Re: APRSIS settings for ISS


Gervais Fillion <ve2ckn2@...>
 

hello
i would like to see your filter guys,
how do you write the line,is it possible?


i would compare with mine here if i am ok,

thanks
gervais ve2ckn



De : APRSISCE@groups.io <APRSISCE@groups.io> de la part de Lynn Deffenbaugh <kj4erj@...>
Envoyé : 15 juillet 2020 17:39
À : APRSISCE@groups.io <APRSISCE@groups.io>
Objet : Re: [APRSISCE] APRSIS settings for ISS
 

Hessu - You may want to read this and also http://www.aprs.org/aprs11/replyacks.txt

4) When you receive a message line XXX.., send the normal existing
   "ackXXX..". This algoirithm is unchanged.  Even if XXX.. is MM}AA
   then the ack is just the exact copy as before "ackMM}AA"

It appears that your app is not properly acknowledging the responses from the SatSrv.  It uses "Reply-Ack" formatting, but your application is stripping off the final character of the ack string.  Consider the following raw packets captured from aprs.fi.

2020-07-15 08:39:28 CDT: WM6H-4>APFII0,qAC,APRSFI::ISS      :ISS{B3421
2020-07-15 08:39:29 CDT: ISS>APWW10,TCPIP*,qAS,KJ4ERJ-15::WM6H-4   :ackB3421
2020-07-15 08:39:29 CDT: ISS>APWW10,KJ4ERJ-15*,TCPIP*,qAS,KJ4ERJ-15::WM6H-4   :AOS 11h32m (16 0111z) SE^6{NK}
2020-07-15 08:39:38 CDT: WM6H-4>APFII0,qAC,APRSFI::ISS      :ackNK
2020-07-15 08:39:40 CDT: WM6H-4>APFII0,W0GQ-1,WIDE1*,WIDE2-1,qAR,KW0O-12:@133938h4201.25N/09141.36W-195/000APRS message enabled!w+R!
2020-07-15 08:40:03 CDT: ISS>APWW10,KJ4ERJ-15*,TCPIP*,qAS,KJ4ERJ-15::WM6H-4   :AOS 11h32m (16 0111z) SE^6{NK}
2020-07-15 08:40:36 CDT: ISS>APWW10,KJ4ERJ-15*,TCPIP*,qAS,KJ4ERJ-15::WM6H-4   :AOS 11h32m (16 0111z) SE^6{NK}
2020-07-15 08:41:39 CDT: ISS>APWW10,KJ4ERJ-15*,TCPIP*,qAS,KJ4ERJ-15::WM6H-4   :AOS 11h32m (16 0111z) SE^6{NK}
2020-07-15 08:42:52 CDT: WM6H-4>APFII0,W0GQ-1,WIDE1*,WIDE2-1,qAR,KW0O-12:@134248h4201.25N/09141.37W-298/000APRS message enabled!w21!
2020-07-15 08:43:16 CDT: ISS>APWW10,KJ4ERJ-15*,TCPIP*,qAS,KJ4ERJ-15::WM6H-4   :AOS 11h32m (16 0111z) SE^6{NK}

2020-07-15 08:43:16 CDT: ISS>APWW10,KJ4ERJ-15*,TCPIP*,qAS,KJ4ERJ-15::WM6H-4   :AOS 11h31m (16 0111z) SE^6{NL}
2020-07-15 08:43:25 CDT: WM6H-4>APFII0,qAC,APRSFI::ISS      :ackNL
2020-07-15 08:43:48 CDT: ISS>APWW10,KJ4ERJ-15*,TCPIP*,qAS,KJ4ERJ-15::WM6H-4   :AOS 11h31m (16 0111z) SE^6{NL}
2020-07-15 08:44:21 CDT: ISS>APWW10,KJ4ERJ-15*,TCPIP*,qAS,KJ4ERJ-15::WM6H-4   :AOS 11h31m (16 0111z) SE^6{NL}
2020-07-15 08:45:25 CDT: ISS>APWW10,KJ4ERJ-15*,TCPIP*,qAS,KJ4ERJ-15::WM6H-4   :AOS 11h31m (16 0111z) SE^6{NL}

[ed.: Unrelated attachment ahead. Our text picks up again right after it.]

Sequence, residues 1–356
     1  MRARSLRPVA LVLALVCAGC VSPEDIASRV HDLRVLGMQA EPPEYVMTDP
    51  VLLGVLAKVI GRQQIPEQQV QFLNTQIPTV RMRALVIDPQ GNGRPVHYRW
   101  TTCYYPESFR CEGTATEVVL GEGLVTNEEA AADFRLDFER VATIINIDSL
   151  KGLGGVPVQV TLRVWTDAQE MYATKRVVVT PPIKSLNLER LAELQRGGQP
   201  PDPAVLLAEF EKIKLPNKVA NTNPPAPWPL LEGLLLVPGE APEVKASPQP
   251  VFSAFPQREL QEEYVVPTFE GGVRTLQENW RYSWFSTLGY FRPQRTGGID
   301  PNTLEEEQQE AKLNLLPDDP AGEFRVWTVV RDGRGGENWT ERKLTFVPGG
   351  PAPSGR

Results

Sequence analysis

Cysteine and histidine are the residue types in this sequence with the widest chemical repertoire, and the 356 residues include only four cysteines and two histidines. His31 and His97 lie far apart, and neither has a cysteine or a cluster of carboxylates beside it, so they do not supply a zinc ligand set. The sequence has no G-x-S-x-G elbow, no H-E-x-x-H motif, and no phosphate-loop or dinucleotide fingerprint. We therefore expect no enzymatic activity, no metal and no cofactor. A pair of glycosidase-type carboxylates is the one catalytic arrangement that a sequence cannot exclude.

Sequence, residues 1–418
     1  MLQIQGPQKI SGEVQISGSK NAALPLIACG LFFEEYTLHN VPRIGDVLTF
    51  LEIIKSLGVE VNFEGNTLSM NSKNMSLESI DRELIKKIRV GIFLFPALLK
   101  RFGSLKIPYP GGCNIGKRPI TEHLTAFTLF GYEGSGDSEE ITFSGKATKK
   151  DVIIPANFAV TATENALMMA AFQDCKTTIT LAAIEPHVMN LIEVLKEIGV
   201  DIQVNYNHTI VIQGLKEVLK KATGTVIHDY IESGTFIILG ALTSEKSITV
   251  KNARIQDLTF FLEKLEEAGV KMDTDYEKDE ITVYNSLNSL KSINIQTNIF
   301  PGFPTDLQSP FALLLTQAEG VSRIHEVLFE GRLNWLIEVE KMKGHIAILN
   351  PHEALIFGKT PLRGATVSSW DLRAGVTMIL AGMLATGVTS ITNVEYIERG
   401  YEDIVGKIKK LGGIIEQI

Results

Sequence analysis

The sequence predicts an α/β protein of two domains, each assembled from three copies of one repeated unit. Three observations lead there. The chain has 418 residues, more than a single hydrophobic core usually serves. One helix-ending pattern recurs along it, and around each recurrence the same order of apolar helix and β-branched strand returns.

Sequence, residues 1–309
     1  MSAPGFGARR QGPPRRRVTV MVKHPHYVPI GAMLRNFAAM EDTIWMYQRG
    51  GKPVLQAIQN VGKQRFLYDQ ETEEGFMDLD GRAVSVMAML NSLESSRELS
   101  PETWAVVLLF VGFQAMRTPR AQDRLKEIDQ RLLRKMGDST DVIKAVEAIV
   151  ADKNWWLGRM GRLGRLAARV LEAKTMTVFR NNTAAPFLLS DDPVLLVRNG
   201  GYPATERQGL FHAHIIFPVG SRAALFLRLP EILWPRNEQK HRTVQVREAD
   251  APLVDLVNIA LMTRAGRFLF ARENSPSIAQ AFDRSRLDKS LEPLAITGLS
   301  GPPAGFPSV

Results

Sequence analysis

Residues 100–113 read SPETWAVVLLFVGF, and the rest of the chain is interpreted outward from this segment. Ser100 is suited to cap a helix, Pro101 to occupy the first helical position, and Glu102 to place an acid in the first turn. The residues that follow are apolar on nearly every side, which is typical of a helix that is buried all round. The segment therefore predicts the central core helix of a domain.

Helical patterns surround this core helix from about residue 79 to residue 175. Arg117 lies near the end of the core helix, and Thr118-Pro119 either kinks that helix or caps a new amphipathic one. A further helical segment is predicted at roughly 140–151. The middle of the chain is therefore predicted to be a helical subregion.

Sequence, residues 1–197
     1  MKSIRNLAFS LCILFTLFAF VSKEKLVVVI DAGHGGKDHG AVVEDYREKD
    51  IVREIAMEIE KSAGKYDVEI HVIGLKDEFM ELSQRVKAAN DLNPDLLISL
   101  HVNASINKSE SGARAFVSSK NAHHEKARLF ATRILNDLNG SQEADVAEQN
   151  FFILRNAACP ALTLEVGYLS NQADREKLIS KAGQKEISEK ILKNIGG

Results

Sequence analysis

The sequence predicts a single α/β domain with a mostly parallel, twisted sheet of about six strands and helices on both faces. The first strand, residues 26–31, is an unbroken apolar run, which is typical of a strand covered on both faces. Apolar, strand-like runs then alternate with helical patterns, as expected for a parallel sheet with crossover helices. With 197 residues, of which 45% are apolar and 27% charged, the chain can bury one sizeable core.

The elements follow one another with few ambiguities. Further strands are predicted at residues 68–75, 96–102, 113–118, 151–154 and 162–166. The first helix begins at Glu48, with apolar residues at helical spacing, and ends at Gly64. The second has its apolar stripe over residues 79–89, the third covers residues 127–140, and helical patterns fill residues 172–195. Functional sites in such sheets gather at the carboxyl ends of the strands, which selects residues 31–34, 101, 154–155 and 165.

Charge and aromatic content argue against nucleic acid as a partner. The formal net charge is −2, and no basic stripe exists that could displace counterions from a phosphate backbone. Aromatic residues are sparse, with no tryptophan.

2020-07-15 08:47:01 CDT: ISS>APWW10,KJ4ERJ-15*,TCPIP*,qAS,KJ4ERJ-15::WM6H-4   :AOS 11h31m (16 0111z) SE^6{NL}

2020-07-15 08:47:01 CDT: ISS>APWW10,KJ4ERJ-15*,TCPIP*,qAS,KJ4ERJ-15::WM6H-4   :AOS 11h28m (16 0111z) SE^6{NM}
2020-07-15 08:47:33 CDT: ISS>APWW10,KJ4ERJ-15*,TCPIP*,qAS,KJ4ERJ-15::WM6H-4   :AOS 11h28m (16 0111z) SE^6{NM}
2020-07-15 08:48:06 CDT: ISS>APWW10,KJ4ERJ-15*,TCPIP*,qAS,KJ4ERJ-15::WM6H-4   :AOS 11h28m (16 0111z) SE^6{NM}
2020-07-15 08:49:10 CDT: ISS>APWW10,KJ4ERJ-15*,TCPIP*,qAS,KJ4ERJ-15::WM6H-4   :AOS 11h28m (16 0111z) SE^6{NM}
2020-07-15 08:50:46 CDT: ISS>APWW10,KJ4ERJ-15*,TCPIP*,qAS,KJ4ERJ-15::WM6H-4   :AOS 11h28m (16 0111z) SE^6{NM}
2020-07-15 08:52:20 CDT: WM6H-4>APFII0,qAC,APRSFI::ISS      :ackNM

2020-07-15 08:52:21 CDT: ISS>APWW10,KJ4ERJ-15*,TCPIP*,qAS,KJ4ERJ-15::WM6H-4   :AOS 11h19m (16 0111z) SE^6{NN}
2020-07-15 08:52:25 CDT: WM6H-4>APFII0,qAC,APRSFI::ISS      :ackNN
2020-07-15 08:52:54 CDT: ISS>APWW10,KJ4ERJ-15*,TCPIP*,qAS,KJ4ERJ-15::WM6H-4   :AOS 11h19m (16 0111z) SE^6{NN}
2020-07-15 08:53:18 CDT: WM6H-4>APFII0,qAC,APRSFI::ISS      :ackNN
2020-07-15 08:53:26 CDT: ISS>APWW10,KJ4ERJ-15*,TCPIP*,qAS,KJ4ERJ-15::WM6H-4   :AOS 11h19m (16 0111z) SE^6{NN}

The ack string from your app should have been "ackNK}", but it only sent "ackNK".  Since this wasn't the expected ack, SatSrv continued retrying the message, but your app only seems to have acked it once, or the APRS-IS dupe-suppressed the others.  But then it gets interesting...

Apparently, since the ackNK didn't match any outstanding messages, APRSIS32 (the host for SatSrv) passed it on to SatSrv.  Since SatSrv doesn't care what the body of the message is (except for known stations, see below), it thought the mis-matched ack was a new request, so it queued up another response to be sent when the retries from the first one were exhausted.  When that was sent with {NM}, your app ack'd with ackNM which also didn't match so it queued up another response.  And so the cycle continued.

Please do be cautious of what the message content is that you send to SatSrv.  If the message body is a known APRS station ID, you will get the next pass prediction for the last known location of THAT station and not your own.  So sending "ISS" as the body of the request is not only redundant, but could have looked at the last location of the ISS object and given a pass prediction from there.  It turns out it didn't do that, or the information would have been in the body of the response like (note the @ KQ1L-4):

AOS 2h03m (2339z) SE^4 @ KQ1L-4 (*2-17:36:00)
Lynn (D) - KJ4ERJ - Author of APRSISCE for Windows Mobile and Win32

PS.  I think I'll make SatSrv ignore any orphan ack's rather than treating them as a new request and document the fact that the message body should not start with "ack" or you will not get a response.

On 7/15/2020 3:55 PM, bobolink wrote:
Send an APRS message by any method (Internet is probably best) to the satellite name, and you'll get a reply message with information showing the next pass.  So, just send a message to "ISS".  The message text can be anything (it's not used).  Be sure to beacon where you are first.
That worked but is there a way to stop the messages? This may be a problem in the iOS message app I’m using:

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